World Library  
Flag as Inappropriate
Email this Article


Article Id: WHEBN0004395829
Reproduction Date:

Title: Rutherfordine  
Author: World Heritage Encyclopedia
Language: English
Subject: Wyartite, Coconinoite, Uranyl carbonate, Uranium minerals, Carbonate minerals
Publisher: World Heritage Encyclopedia


A conglommeration of glassy, yellowish crystals
Rutherfordine (light yellow, top) together with billietite
Category Carbonate mineral
(repeating unit)
Strunz classification 05.EB.05
Crystal symmetry Orthorhombic pyramidal H–M Symbol mm2
Unit cell a = 4.840 Å, b = 9.273 Å, c = 4.298 Å; Z = 2
Colour Brownish, brownish yellow, white, light brown orange, or light yellow
Crystal habit Crystals are Lathlike, elongated crystals commonly radiating, fibrous, matted; earthy to very fine-grained masses.
Crystal system Orthorhombic
Cleavage perfect on {010}, good on {001}
Luster Silky, dull
Streak Yellow
Diaphaneity Transparent
Specific gravity 5.7
Optical properties Biaxial (+)
Refractive index nα = 1.700 - 1.723 nβ = 1.716 - 1.730 nγ = 1.755 - 1.795
Birefringence δ = 0.055 - 0.072
Pleochroism Visible X= colorless, Y= pale yellow, Z= pale greenish yellow
2V angle Calculated: 53°
Other characteristics Radioactive
References [1][2][3]

Rutherfordine is a mineral containing almost pure uranyl carbonate (UO2CO3). It crystallizes in the orthorhombic system in translucent lathlike, elongated, commonly radiating in fibrous, and in pulverulent, earthy to very fine-grained dense masses. It has a specific gravity of 5.7 and exhibits two directions of cleavage. It appears as brownish, brownish yellow, white, light brown orange, or light yellow fluorescent encrustations. It is also known as diderichite.

It was first described in 1906 for an occurrence in the Morogoro Region of Tanzania. It was named for Ernest Rutherford. It has been reported in the Democratic Republic of Congo, the Northern Territory of Australia and a variety of locations worldwide.[2]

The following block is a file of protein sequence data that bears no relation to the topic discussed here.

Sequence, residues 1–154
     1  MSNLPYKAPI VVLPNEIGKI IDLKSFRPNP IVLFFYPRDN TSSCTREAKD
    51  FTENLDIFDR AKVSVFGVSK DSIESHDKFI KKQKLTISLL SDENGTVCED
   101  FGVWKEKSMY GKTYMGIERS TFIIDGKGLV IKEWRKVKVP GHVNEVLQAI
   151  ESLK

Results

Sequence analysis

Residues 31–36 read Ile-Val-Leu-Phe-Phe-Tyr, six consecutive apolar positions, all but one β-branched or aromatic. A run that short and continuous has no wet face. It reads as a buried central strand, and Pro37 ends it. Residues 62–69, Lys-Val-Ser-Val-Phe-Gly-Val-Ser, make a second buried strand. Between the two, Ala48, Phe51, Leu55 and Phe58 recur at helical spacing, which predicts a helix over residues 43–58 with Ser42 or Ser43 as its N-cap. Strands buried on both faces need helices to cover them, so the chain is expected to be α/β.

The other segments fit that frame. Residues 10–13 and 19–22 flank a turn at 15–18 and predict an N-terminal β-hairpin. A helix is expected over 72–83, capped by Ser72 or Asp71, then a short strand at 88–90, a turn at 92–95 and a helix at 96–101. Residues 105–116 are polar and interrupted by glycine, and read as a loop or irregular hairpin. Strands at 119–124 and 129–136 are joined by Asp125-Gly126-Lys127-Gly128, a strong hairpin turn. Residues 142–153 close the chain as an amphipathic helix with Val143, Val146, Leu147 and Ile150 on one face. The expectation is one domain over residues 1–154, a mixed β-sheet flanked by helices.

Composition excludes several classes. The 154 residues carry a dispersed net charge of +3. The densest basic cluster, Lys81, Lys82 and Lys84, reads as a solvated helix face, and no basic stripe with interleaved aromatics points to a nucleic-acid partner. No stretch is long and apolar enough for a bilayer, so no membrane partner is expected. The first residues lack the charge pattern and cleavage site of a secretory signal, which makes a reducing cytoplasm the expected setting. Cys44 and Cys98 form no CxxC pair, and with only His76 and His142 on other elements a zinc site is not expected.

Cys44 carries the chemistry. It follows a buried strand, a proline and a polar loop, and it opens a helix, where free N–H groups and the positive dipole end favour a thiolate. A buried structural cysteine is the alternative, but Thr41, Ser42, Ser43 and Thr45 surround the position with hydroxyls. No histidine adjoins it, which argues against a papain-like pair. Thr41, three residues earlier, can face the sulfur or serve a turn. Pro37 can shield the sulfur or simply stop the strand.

It occurs as a secondary mineral as a weathering product of uraninite. In addition to uraninite it occurs associated with the rare minerals becquerelite, masuyite, schoepite, kasolite, curite, boltwoodite, vandendriesscheite, billietite, metatorbernite, fourmarierite, studtite and sklodowskite.[1] It forms under acidic to neutral pH and is the only known mineral that contains only uranyl and carbonate.


  1. ^ a b Handbook of Mineralogy
  2. ^ a b Mindat with location data
  3. ^ Webmineral data
  • Palache, C., H. Berman, and C. Frondel (1951) Dana’s system of mineralogy, 7th ed., v. II, pp. 274–275.
This article was sourced from Creative Commons Attribution-ShareAlike License; additional terms may apply. World Heritage Encyclopedia content is assembled from numerous content providers, Open Access Publishing, and in compliance with The Fair Access to Science and Technology Research Act (FASTR), Wikimedia Foundation, Inc., Public Library of Science, The Encyclopedia of Life, Open Book Publishers (OBP), PubMed, U.S. National Library of Medicine, National Center for Biotechnology Information, U.S. National Library of Medicine, National Institutes of Health (NIH), U.S. Department of Health & Human Services, and, which sources content from all federal, state, local, tribal, and territorial government publication portals (.gov, .mil, .edu). Funding for and content contributors is made possible from the U.S. Congress, E-Government Act of 2002.
Crowd sourced content that is contributed to World Heritage Encyclopedia is peer reviewed and edited by our editorial staff to ensure quality scholarly research articles.
By using this site, you agree to the Terms of Use and Privacy Policy. World Heritage Encyclopedia™ is a registered trademark of the World Public Library Association, a non-profit organization.

Copyright © World Library Foundation. All rights reserved. eBooks from Project Gutenberg are sponsored by the World Library Foundation,
a 501c(4) Member's Support Non-Profit Organization, and is NOT affiliated with any governmental agency or department.